Sony HDR-AZ1 2015 Review by A Better Ski
Overview – The Sony HDR-AZ1 is a great little everyday action cam. It doesn’t have the best video quality or battery life of the Sony cams, but it can hold its own with most cameras on the market. It’s a decent choice for “point and shoot” skiers who want something a bit smaller, and yet still capable of taking decent videos.
Sony HDR-AZ1 Video Review
Editing Software – Sony’s Action Cam Movie Creator (Not great, but did the job)
Video Quality – The Sony HDR-AZ1 has the ability to take 1080p 60fps 50mps video. Since the Go Pro Hero 4 Silver is also capable of recording in that format, we decided to do a head to head comparison. It’s also worth noting that the Sony HDR-AS200V and the FDR-X1000V have that same capability, and we’ll touch briefly on the quality difference between the Sony HDR-AZ1 and all three cameras. In all of our tests thus far, the Sony HDR-AS200V and Sony FDR-X1000V have bested the Go Pro Hero 4 Silver in picture quality and we expected pretty good results from the Sony HDR-AZ1. Again we would have to say that the difference in video quality between the Hero 4 Silver and the Sony HDR-AZ1 was pretty subtle, but we would probably give the slight edge to the Hero 4 Silver in this case. Likewise, both the HDR-AS200V and the FDR-X1000V have a better picture. Again I’m not a big tech guy, but I’d speculate that maybe it’s a difference in imaging sensor, but I can’t say for sure. We’re not saying that the Mini cam was bad. It definitely has decent video quality and for the casual videographer it will most likely be just fine. I think the big takeaway here is that if you want the best picture quality, then you’ll be better off with the Go Pro Hero 4, or either one of the other 2 Sony cams. All of these cams, however, are bigger in size. Check out the videos below to judge for yourself. Both videos were shot on the same run with the sony helmet mounted and go pro chest mounted. The only difference was the steady shot with the Sony. Youtube will allow you to steady and edit the video after for slightly better quality, but we left it alone so you could see the raw video. The only editing I did was trim the video.
Sony HDR-AZ1 1080 60 Video
Go Pro Hero 4 Silver 1080 60 Video Quality
Ease of Setup/Use – Like the other two Sony cams, we had to take some time to get familiar with the Sony HDR-AZ1. When browsing through the video settings you’ll notice that the video formats will say HD, PS, STD, etc…instead of listing the actual video quality (1080/60p). So if you’re like me, you’ll want to first learn what each “code” stands for and what video quality settings are actually being used with each. Unlike the HDR-AS200V and FDR-X1000V, the HDR-AZ1 does not have a large screen on the side of the camera for setting things up on the mountain, so you’ll have to use the phone app, or set it up via computer beforehand. Once you learn the language of the Sony cams, they are pretty easy to point and shoot.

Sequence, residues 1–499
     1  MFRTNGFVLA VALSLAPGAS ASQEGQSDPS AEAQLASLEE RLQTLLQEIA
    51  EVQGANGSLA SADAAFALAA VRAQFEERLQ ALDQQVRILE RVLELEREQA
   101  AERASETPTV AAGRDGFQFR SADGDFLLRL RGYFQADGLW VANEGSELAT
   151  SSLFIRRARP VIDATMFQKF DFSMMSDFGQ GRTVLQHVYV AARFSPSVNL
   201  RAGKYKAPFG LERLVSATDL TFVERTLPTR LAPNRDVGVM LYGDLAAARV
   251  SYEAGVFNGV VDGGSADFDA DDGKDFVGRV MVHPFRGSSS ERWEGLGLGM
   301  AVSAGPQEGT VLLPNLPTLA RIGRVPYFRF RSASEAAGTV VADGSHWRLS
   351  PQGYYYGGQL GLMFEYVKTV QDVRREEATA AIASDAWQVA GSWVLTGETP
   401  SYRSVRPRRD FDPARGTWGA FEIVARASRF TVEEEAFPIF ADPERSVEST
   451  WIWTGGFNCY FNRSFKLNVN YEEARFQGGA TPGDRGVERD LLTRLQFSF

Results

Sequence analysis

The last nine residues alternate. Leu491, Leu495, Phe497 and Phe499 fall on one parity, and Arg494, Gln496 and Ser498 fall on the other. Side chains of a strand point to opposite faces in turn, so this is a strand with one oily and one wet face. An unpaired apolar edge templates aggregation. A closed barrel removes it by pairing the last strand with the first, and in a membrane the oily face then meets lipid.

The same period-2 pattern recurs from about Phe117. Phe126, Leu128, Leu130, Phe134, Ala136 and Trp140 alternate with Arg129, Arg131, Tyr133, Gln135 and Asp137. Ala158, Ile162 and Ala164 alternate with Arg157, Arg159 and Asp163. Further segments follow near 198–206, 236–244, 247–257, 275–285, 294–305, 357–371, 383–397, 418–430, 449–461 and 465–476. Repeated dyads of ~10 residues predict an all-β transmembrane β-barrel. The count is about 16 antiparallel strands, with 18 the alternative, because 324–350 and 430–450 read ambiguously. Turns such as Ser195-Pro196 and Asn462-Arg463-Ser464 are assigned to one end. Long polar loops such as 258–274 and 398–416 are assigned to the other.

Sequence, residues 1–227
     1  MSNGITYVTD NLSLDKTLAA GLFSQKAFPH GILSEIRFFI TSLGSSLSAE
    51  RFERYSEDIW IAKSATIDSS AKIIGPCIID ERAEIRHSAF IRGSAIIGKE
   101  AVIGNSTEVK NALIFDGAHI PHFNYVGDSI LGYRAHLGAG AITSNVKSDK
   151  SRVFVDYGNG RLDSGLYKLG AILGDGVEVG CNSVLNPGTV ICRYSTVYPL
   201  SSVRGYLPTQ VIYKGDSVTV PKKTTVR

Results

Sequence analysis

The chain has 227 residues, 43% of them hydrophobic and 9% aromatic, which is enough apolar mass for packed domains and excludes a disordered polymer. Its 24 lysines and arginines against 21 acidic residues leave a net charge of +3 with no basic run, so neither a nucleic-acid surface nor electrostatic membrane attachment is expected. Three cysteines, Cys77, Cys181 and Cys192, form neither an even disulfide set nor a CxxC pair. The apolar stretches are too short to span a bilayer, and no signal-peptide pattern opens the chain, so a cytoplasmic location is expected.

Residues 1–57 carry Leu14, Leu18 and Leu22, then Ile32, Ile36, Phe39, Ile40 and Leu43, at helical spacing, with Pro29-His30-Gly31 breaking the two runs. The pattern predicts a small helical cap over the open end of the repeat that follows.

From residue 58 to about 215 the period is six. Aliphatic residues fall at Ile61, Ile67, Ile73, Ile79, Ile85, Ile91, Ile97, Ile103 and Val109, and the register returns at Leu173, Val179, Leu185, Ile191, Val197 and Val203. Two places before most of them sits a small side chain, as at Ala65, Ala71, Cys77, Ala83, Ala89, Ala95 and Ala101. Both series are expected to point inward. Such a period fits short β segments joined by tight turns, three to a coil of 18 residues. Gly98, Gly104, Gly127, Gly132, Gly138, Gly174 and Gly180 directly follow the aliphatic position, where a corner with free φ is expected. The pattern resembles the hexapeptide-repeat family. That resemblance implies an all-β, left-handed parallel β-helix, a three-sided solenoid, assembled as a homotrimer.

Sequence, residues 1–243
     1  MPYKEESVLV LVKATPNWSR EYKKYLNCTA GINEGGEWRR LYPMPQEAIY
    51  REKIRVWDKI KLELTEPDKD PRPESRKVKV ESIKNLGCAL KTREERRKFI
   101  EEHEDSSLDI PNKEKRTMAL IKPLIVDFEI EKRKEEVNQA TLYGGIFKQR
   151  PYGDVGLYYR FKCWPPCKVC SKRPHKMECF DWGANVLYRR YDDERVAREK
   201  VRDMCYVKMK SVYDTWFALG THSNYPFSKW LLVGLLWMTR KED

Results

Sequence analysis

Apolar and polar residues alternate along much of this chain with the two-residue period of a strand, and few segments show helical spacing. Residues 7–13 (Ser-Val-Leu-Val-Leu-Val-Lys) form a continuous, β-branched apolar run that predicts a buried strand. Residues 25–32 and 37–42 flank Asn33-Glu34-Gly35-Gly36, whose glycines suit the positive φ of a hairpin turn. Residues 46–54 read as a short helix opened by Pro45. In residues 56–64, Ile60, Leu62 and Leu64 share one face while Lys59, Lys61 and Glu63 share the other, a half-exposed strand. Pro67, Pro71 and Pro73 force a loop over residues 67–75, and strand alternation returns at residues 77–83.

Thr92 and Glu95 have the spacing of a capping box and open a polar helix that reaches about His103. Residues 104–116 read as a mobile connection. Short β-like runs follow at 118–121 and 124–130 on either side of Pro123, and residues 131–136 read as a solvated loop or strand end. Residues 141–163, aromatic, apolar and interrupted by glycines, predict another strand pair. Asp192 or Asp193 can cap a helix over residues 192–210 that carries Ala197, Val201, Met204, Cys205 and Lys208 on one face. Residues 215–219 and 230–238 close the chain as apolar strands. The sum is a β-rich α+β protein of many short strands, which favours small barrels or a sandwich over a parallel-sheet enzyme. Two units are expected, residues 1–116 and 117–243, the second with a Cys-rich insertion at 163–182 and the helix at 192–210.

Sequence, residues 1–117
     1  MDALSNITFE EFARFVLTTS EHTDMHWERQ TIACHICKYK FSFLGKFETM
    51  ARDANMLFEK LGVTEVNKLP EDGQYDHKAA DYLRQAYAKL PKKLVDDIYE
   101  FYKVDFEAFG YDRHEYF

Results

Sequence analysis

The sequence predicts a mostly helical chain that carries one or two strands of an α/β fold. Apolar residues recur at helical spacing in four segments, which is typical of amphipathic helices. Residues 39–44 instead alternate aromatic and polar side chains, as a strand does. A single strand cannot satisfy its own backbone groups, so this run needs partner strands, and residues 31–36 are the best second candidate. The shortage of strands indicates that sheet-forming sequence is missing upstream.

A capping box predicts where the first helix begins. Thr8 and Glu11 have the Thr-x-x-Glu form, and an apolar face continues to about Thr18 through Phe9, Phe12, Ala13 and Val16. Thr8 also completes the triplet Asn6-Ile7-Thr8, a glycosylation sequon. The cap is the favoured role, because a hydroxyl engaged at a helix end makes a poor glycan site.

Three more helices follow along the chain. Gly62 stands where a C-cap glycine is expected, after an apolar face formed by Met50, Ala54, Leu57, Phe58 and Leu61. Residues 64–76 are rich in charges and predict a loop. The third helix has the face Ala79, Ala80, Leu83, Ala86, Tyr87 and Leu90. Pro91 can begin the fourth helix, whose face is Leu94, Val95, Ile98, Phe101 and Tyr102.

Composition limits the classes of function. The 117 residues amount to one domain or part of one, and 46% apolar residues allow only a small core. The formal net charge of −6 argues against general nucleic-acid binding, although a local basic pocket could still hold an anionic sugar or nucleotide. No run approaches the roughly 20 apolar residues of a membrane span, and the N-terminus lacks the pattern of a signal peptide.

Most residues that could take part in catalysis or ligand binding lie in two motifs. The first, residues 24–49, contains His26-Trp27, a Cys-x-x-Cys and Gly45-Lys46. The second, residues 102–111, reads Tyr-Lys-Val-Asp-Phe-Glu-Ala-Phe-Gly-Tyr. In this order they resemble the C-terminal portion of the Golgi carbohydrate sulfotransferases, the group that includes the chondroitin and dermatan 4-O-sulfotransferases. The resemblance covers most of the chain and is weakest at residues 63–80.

Software – The Sony HDR-AZ1 is compatible with the same Sony app downloaded for the HDR-AS200V, and likewise we weren’t super impressed. It’s not that the software is bad, but we like the Go Pro interface better.
Battery Life – We thought for such a small camera, the battery life was pretty sub-par. If you film every run, you’ll definitely being running to find an outlet or extra battery at lunch. It uses a different battery pack than the HDR-AS200V and FDR-X1000V which is also a bit annoying. I like being able to have the ability to switch out batteries between cameras if needed, and you can’t with these cameras. I understand that the Mini cam is quite small, so I guess the bigger battery pack wouldn’t work well. If they could find a small battery pack that lasts as long, we’d be really happy.
Sound Quality – Sound quality is pretty good with all the Sony cams we tested. They don’t sound nearly as muffled as the Go Pro cams. They don’t pick up as much sound as the ION cam, but the Sony cams are also don’t sound like you’re in a wind tunnel when skiing down the mountain.
Steady Shot – Steady shot is a great feature for skiers. Even the best terrain is going to get bumpy at times, and with Steady shot on, the video doesn’t look as choppy.
Size and Fit – The biggest draw to Sony HDR-AZ1 is definitely the size. Sure the video quality isn’t as good as the FDR-X1000V, but it’s also half the size. It’s very low profile and lightweight. When mounting it on to of my helmet, I didn’t feel like I looked like a Tele Tubby. When mounted on the side of the helmet, I could barely tell it was there. It’s also great on the monopod and perfect for those who want to be a bit more discrete when filming on the mountain.
Pic 1: Size comparison of popular models (Pictured from left to right Go Pro Hero 4, Sony 4k, Sony HDR-AS200V, Sony HDR-AZ1)
Accessories – Like all of the other Sony cams, the biggest complaint is that the mounts aren’t super easy to use. I almost always had to take my helmet off to place or remove the camera from the mount. We also don’t like how small the lock feature is on this cam. It’s really easy to flip the switch and take 2 hrs of pocket video. One of the best things about this camera is that I can actually use my goggle mount without feeling like my goggle are being pulled off (a feeling we got with the FDR-X1000V).
Summary – The Sony HDR-AZ1 really is a great little camera. If you find all the other cams to be a bit on the big side, you’ll love how small the Mini cam is. It still takes decent video at 1080p, and is a relatively easy to use point and shoot camera. We’d like to see a bit better battery life, and maybe a larger side screen, although that may be hard to do without compromising overall size. I’d definitely recommend this camera as a basic point and shoot for skiers because of its small size, decent video quality, and low price point.
Sony HDR-AZ1 Images
Sony Company Information
Sony HDR-AZ1 User Reviews